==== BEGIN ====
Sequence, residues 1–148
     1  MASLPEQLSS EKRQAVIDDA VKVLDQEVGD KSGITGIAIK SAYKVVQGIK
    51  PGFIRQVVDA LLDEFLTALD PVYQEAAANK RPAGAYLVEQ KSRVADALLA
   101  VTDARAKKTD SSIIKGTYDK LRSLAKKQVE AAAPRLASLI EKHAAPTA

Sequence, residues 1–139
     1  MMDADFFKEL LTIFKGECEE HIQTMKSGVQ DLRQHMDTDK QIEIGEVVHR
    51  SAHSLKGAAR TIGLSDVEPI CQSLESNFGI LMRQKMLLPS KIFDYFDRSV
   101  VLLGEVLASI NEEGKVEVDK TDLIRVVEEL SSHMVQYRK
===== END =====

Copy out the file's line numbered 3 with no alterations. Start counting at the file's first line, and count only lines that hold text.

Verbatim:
    51  PGFIRQVVDA LLDEFLTALD PVYQEAAANK RPAGAYLVEQ KSRVADALLA